As you look ahead to the audition process, it’s possible how your body looks is a concern. For some of you, it might be the primary concern. It’s possible you’ve said something to yourself like, “If only my body were different, I’d get the job.”
Many dancers see their bodies as the main problem. If only your body were different, you’d be getting jobs, offers, company class invites.
That line of thinking isn’t supportive. It doesn’t allow you to focus on your dancing abilities and strengths as an artist. It also can create a mentality where you’re constantly tearing yourself apart and blaming your body for each opportunity that doesn’t pan out.
Start to build awareness around your body perspective.
How do you feel in your body right now? For how long have you felt this way? If you’re someone who has been struggling with negative body image for many years, it’s going to take time to stop blaming your body shape, size, or look for the challenges that come up in dance.
How would you feel if your body wasn’t to blame? Then what? I’ll often ask dancers these questions and the response is usually something along the lines of, “Well, then it would be about my dancing.” That’s a reality that you can look at with sadness and disappointment or one you can look at as inspiration and possibility.
Instead of fixating on your body or what you perceive to be “wrong” with it, you can instead focus on improving and growing as a dancer and artist. Let that empower you to show up and do the work and get to a place where you feel incredibly confident in your dancing by the time you’re auditioning. Then, you’ll know you’ve truly done all you can while still prioritizing your health.
Making changes to feel better in your body for auditions (and life).
In your teen, growing years, you should be focused on eating adequately. You need plenty of fuel to grow and thrive. It’s not a time to make any big changes to your food plan. It’s a time to eat consistently and to incorporate variety.
Many of those concepts always hold true, but when you’re done growing and you’re in a professional environment, it is possible to make food adjustments from a healthy, body-goal-oriented place with the intention of feeling your best and fueling from a place of self-care.
Before you can change or adjust anything, you have to feel confident that you have a healthy and positive food relationship. For more on food relationship, read this post.
It’s very possible that you’d benefit from support in order to make healthy, sustainable changes through the audition process. Consider a coaching program that can provide a holistic approach to your body goals for auditions. Elite Best Body Coaching might be the commitment that finally allows you to feel your best in your body for dance. If you’re wondering if it’s right for you, set up a complimentary coaching consultation here.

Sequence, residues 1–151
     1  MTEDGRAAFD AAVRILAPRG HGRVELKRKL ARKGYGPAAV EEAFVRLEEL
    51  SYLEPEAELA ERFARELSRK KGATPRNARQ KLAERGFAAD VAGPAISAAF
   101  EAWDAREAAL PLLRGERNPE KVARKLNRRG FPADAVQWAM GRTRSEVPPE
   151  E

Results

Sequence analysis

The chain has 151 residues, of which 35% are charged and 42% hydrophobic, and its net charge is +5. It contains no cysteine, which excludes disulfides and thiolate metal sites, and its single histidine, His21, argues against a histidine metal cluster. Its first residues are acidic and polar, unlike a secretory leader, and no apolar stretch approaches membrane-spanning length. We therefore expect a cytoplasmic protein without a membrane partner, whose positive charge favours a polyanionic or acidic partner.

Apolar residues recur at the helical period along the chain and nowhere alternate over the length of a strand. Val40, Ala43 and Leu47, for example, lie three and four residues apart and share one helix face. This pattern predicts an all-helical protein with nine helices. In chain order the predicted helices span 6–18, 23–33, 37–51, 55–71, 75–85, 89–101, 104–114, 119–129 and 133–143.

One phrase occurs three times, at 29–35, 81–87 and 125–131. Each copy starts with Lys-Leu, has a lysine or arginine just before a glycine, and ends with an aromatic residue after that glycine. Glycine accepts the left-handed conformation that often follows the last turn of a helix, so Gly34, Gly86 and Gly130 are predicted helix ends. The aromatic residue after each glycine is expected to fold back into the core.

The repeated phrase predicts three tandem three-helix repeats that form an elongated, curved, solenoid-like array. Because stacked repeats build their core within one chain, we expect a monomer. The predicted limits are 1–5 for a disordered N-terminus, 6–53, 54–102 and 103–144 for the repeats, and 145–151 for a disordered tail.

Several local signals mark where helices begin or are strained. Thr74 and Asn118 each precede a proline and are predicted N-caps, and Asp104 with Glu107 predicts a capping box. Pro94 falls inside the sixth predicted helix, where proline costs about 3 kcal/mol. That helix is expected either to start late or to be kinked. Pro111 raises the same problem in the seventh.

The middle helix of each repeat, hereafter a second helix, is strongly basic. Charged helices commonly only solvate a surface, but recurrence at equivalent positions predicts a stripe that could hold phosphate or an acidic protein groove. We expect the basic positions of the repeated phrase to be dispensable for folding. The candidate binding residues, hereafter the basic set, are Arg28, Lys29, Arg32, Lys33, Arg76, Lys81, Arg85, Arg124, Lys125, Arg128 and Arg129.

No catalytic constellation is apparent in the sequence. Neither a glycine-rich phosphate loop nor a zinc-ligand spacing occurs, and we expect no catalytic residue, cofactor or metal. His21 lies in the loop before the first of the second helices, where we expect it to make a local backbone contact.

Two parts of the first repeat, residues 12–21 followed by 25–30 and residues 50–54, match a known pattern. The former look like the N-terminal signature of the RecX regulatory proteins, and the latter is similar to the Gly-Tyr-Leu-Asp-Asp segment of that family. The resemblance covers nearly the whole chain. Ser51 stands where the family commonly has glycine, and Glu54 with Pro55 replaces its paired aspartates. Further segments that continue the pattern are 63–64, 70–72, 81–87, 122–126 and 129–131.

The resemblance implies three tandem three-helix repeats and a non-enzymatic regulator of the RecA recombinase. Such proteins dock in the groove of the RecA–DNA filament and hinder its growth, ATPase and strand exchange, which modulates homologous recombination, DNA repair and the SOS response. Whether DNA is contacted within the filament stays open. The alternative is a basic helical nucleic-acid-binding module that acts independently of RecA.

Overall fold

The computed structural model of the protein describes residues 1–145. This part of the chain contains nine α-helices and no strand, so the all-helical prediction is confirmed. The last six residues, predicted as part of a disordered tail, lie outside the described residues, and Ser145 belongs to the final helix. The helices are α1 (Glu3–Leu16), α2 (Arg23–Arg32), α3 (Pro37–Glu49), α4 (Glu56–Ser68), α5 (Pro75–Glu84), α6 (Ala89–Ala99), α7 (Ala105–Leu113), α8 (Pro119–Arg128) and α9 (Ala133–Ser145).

Some questions to ask yourself as you assess your fuel plan for dance:
- Are you fueling yourself in ways that serve your needs?
- Are you eating from a place of balance and nourishment?
- Is your food relationship balanced and happy?
Crash-dieting before audition season.
I’ve been there, I’ve done it, I know how tempting it can be. The name says it all. If you crash-diet, even if you think you’re reaching some aesthetic goal, there will be a crash. That might be an injury, low energy or fainting, and ultimately lacking power in your dancing.
When you show up for an audition you want to be a powerful dancer. Not one who looks frail and weak. If you put yourself in a restrictive state, you might not notice the damage you’re doing until it’s too late. You might not notice until you sustain an injury.
Check out this article I wrote for Pointe Magazine: 5 Tips for Achieving Your Healthiest Body in Time for Company Auditions.
Support a more positive self-image as auditions approach.
Something I encourage every dancer to do before audition season kicks off is to write a list of 50 things. This list should detail all the things you have to offer to a company as a dancer and a person. Some things on the list will be technical: I’m a good turner. Others might be about who you are as a person: I’m a supportive colleague and friend in the studio.
Before every audition, you’ll come back to your list of 50 things and remind yourself that you are a valuable asset to any dance company.
If you want to have a low-stress, more successful audition season, save your spot for the FREE Audition Success Workshop here: